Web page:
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Old November 14 2012, 03:50 PM   #3
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Re: Visual continuity/Same future, different eyes

I agree completely with KingDaniel. It's silly to pretend that what we're seeing on the TV or movie screen is an exact, literal depiction of an actual future. All Trek productions are simulations of a hypothetical future made with present-day technology, executed by different creators and designers, etc. And so they're all going to differ in how they interpret that imaginary reality. Differences in set and technology design are no more "real" in universe than the change in Saavik's or Tora Ziyal's appearance and personality in consecutive appearances. They're just different artists' interpretations of the same conjectural thing.

Gene Roddenberry himself would have been the first to agree with this. In his preface to his ST:TMP novelization, he took on the voice of a 23rd-century producer who'd dramatized the "real" adventures of Kirk and crew, and he apologized for the exaggerations and inaccuracies in his fictionalized account. When Trek fans asked him why the Klingons had changed appearance in TMP, he told them that the Klingons had always looked that way, and TOS simply hadn't been able to depict them accurately. He never would've wanted the fans to take every last detail as immutable gospel. He wanted them to accept that what was onscreen was just the best approximation the producers had been able to manage, and was glad for the opportunity to replace an earlier, cruder approximation with a more sophisticated one.

If Roddenberry himself were still alive, if he had been the one in charge of rebooting TOS, he would've been just as open to a wholesale redesign of the sets, costumes, technology, etc. as J. J. Abrams was -- and he wouldn't have bothered to try to rationalize it as an alternate timeline, but would've just straight up changed things and told the fans "This is a truer version than what you saw before, so deal with it." In fact, that's essentially what he did in TMP -- made wholesale design changes without explanation and didn't feel he needed to justify why a big-budget tentpole motion picture had more elaborate sets, costumes, and makeup designs than a low-budget '60s TV series. As a producer, he was no doubt constantly frustrated by the budgetary, technological, and logistical limitations that forced him to make compromises in his depiction of the future in TOS. He didn't worship every button and light as immutable truth the way many modern Trek-tech fans do; he settled for them as the best he could manage with the limited time and money and technology at his disposal. And when he had better resources, he gladly started from scratch and came up with something that he felt came closer to what he'd wanted in the first place.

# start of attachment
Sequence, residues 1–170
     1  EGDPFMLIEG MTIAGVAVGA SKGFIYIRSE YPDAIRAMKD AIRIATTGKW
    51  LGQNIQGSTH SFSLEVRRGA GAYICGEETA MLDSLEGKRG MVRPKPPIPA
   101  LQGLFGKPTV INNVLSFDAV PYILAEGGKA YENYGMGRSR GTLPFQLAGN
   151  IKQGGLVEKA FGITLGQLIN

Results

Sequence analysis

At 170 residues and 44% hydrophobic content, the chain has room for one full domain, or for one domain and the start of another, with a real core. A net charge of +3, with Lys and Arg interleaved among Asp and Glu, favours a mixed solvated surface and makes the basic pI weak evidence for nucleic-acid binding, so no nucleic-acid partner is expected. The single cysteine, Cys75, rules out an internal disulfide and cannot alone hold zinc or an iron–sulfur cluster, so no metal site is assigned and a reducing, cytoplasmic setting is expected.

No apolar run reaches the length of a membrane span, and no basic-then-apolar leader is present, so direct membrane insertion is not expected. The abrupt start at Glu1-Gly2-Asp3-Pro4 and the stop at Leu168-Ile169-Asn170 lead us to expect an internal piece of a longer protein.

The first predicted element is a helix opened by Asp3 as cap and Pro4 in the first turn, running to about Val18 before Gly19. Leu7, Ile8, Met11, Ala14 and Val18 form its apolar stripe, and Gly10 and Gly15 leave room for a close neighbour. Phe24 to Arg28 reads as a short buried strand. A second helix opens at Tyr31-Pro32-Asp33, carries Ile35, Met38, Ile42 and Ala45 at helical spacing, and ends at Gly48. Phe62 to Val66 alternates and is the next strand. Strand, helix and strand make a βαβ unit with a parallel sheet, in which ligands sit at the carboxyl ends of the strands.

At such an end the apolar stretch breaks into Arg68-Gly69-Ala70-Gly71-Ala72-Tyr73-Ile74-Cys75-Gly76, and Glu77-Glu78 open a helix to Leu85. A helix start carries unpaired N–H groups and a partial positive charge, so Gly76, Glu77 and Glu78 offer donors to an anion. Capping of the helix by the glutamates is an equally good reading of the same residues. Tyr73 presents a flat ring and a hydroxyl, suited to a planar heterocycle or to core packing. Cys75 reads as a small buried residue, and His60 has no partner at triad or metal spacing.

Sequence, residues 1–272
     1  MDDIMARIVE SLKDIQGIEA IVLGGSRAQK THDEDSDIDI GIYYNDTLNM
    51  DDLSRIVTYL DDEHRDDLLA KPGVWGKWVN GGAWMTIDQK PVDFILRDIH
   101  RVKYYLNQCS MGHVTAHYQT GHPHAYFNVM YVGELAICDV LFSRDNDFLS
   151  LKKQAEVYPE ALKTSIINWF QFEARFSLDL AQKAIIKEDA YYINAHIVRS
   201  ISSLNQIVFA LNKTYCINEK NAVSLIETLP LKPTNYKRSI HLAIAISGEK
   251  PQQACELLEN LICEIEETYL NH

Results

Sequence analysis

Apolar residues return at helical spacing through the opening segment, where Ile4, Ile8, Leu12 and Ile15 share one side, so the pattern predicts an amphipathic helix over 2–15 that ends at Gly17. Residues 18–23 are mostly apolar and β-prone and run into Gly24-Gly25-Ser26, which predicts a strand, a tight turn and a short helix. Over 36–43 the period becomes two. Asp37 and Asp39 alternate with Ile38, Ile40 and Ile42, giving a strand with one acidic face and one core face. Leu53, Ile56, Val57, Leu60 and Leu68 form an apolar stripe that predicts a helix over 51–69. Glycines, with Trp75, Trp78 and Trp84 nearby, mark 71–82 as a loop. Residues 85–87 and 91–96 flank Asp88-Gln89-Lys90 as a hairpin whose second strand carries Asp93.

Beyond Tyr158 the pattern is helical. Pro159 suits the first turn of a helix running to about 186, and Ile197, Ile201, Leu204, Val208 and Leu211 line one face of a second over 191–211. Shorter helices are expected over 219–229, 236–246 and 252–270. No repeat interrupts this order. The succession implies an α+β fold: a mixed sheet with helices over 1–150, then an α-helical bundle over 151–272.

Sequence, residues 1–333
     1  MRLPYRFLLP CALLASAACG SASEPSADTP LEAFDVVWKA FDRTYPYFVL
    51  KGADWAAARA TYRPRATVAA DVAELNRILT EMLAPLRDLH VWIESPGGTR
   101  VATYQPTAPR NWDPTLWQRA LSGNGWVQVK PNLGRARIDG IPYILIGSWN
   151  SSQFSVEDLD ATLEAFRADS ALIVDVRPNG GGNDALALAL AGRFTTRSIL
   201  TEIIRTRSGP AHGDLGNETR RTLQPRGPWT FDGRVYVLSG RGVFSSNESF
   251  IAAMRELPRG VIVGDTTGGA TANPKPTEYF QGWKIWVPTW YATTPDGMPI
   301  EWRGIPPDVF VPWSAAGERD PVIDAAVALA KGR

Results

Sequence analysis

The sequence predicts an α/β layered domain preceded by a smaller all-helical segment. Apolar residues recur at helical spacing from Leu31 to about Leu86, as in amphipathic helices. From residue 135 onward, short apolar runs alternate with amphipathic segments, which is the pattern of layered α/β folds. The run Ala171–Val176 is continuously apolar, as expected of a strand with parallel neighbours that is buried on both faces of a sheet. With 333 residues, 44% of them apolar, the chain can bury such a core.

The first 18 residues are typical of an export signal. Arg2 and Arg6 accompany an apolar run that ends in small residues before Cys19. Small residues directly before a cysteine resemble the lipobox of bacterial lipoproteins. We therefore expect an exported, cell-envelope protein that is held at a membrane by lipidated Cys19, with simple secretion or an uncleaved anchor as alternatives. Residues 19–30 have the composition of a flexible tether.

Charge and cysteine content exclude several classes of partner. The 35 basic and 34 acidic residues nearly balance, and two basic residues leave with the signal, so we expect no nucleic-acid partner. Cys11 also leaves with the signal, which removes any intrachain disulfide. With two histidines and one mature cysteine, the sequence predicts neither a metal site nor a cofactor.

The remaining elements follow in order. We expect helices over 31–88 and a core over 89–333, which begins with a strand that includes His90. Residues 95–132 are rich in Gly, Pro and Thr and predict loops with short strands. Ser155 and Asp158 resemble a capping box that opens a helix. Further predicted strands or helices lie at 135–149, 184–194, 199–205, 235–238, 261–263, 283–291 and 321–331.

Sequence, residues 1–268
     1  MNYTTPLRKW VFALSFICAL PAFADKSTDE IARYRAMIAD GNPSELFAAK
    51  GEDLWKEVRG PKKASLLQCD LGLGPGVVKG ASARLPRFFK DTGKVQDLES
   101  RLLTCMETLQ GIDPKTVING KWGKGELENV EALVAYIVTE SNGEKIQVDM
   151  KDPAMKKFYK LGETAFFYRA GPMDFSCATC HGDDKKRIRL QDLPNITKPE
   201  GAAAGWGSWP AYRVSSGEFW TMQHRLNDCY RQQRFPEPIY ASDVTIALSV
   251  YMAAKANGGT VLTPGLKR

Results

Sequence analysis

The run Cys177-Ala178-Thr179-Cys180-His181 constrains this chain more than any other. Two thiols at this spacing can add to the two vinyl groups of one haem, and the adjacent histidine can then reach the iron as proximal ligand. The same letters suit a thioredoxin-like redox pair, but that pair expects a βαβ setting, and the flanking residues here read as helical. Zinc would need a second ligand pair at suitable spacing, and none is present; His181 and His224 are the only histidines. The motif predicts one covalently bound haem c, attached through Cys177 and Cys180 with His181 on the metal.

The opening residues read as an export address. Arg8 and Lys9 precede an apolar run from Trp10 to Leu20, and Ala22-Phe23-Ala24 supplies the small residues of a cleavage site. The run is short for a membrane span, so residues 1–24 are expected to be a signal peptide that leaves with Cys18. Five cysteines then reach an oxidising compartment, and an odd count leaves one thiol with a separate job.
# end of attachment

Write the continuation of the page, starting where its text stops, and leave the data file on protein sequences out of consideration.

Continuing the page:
Written Worlds -- Christopher L. Bennett's blog and webpage

Last edited by Christopher; November 14 2012 at 06:11 PM.
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